Reclaiming My Inbox, Next
I gave up on my email inbox a long time ago. It’s time I reclaim it.
I started this blog to connect and reconnect with people after I got tired of how fake social media seemed and how superficial my interactions there were.
Then came the beginning of the Fall of Twitter and the Rise of Mastodon. I found better connections there, a social media that brought me back to the early days of Twitter.
So, amidst this renaissance of the Golden Days of the Web, I want to go back even further to a place that was dear to me in the late 90s. A place where I used to spend a lot of time writing and reading and connecting with friends and family. My email inbox.
Nowadays, my inbox is packed with newsletters that I never read and never signed up for, automatic notifications of things I don’t care about, and, of course, never-ending spam. The stuff I care about gets lost in this sea of useless noise. So, here’s my plan to turn this tide around.
Most legitimate newsletters include a link to unsubscribe. I’m pretty sure it’s a law somewhere, or maybe it’s just good internet manners, but they do. Gmail even picks up on this and brings the unsubscribe option right to the top of the message instead of being buried at the end of the newsletter where it usually lives. I typically ignore these messages. I’ve decided to actively unsubscribe from those who don’t spark joy, which is most of them.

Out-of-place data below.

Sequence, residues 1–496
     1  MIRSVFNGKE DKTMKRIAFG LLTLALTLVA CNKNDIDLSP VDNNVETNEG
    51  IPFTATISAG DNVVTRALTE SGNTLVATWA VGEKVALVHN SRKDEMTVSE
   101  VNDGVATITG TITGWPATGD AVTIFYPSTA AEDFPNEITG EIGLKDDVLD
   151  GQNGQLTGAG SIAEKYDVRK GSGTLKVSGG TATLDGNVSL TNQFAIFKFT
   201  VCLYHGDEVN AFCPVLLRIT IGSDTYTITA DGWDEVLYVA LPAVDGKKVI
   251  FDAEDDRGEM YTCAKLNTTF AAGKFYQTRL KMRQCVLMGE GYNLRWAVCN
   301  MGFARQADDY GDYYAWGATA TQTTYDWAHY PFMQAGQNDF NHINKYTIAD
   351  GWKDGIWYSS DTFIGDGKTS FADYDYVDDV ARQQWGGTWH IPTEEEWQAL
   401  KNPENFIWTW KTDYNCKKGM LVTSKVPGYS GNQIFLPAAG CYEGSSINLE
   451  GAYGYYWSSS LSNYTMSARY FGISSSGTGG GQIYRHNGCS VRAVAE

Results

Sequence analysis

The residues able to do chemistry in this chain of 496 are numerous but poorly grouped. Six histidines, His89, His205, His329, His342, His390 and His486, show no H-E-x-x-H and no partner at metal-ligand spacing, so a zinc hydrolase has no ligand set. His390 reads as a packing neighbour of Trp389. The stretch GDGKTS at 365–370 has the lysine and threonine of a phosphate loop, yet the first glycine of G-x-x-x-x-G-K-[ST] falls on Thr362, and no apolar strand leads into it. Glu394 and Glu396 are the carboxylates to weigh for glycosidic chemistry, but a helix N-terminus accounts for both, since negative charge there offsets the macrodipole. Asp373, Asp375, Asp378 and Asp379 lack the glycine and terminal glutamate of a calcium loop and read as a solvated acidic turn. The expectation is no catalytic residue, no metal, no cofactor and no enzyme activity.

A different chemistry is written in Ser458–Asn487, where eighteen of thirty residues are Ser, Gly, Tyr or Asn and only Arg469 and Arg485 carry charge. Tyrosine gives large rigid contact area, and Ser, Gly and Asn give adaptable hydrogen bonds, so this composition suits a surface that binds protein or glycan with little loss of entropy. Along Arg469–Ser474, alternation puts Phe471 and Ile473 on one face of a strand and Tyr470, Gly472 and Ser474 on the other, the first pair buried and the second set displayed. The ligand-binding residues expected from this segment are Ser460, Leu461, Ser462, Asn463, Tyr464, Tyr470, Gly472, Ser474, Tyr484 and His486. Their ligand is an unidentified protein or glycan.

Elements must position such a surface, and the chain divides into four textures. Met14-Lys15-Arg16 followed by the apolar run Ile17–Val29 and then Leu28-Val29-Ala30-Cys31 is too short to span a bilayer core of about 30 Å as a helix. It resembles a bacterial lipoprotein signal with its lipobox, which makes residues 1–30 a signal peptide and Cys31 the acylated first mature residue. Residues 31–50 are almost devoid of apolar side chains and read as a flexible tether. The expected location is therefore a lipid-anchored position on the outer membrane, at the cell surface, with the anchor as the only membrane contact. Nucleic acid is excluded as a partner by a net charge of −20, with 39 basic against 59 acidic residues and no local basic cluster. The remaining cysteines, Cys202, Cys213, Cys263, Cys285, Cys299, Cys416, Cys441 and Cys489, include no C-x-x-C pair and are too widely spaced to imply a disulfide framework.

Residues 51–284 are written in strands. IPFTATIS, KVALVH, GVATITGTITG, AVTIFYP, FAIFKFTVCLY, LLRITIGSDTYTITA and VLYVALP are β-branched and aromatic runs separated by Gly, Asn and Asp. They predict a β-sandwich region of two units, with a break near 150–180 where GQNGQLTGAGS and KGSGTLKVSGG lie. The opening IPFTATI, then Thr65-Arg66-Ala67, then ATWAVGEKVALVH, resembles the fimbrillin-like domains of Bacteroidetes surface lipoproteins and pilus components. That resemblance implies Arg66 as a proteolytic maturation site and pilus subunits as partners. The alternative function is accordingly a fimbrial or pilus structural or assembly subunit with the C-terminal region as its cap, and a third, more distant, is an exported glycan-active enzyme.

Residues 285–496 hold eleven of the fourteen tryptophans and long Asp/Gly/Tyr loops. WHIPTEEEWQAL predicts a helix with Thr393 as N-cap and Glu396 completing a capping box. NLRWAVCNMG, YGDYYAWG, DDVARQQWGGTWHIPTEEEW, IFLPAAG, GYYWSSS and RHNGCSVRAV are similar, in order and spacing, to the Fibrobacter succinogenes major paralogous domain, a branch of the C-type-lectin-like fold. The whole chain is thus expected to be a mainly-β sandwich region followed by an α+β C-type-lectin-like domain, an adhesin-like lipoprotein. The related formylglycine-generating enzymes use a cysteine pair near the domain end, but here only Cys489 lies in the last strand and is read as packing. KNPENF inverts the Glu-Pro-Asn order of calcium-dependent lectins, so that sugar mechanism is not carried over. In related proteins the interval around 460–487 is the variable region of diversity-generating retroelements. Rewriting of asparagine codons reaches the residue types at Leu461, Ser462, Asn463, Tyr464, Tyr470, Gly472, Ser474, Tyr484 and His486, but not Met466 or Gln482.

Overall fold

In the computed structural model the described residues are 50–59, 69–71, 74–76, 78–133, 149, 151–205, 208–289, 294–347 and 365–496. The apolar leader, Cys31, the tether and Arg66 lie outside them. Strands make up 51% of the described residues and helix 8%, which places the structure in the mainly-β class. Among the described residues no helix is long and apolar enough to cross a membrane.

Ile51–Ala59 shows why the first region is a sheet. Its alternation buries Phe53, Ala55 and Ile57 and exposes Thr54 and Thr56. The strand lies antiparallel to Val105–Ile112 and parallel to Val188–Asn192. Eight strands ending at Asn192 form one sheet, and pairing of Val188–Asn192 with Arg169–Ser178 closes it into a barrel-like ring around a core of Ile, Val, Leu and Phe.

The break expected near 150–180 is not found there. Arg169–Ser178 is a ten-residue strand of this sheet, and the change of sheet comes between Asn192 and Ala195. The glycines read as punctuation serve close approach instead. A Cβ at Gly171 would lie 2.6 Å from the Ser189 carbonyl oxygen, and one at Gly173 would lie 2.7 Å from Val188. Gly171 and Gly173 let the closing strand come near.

Some services, like Unroll.me and Cleanfox, help you automate this task. But I don’t want them to look at my inbox and then sell my data. So, for now, I’m doing it manually.
I had had my Gmail account since the halcyon days when you had to get an invitation to open an account. And back then, the big draw was the amount of available space to store your message. “You’ll never have to delete an email again!” was one of the selling points. And so I got used to never deleting emails again. This changes now!
If something is unimportant, the message gets deleted after I find a way to unsubscribe from its source. Simple as that!
Acting on messages as soon as I see them is something I practice with work email that I now need to implement in my personal inbox. If I see a message, I act on it immediately. If it’s something I need to look at later, Gmail has the excellent snooze feature (my favorite thing from the now-defunct Inbox) that I need to go back to using.
Snoozing should also help me with the constant problem I face: I tend to read important messages and answer them “in my head” but never really write a response.
Cleaning out my Inbox is not just about decluttering and reducing stress. It’s about opening that space to become a source of joy and connection. If I’ll find that there, though, remains to be seen. Does anybody write email messages anymore? I have a few pen pals that still do, and I plan to add more now that I’ll have the mental space to do it.
Do you still write emails to your friends and family? Do you have control over your inbox?
Published by Borghal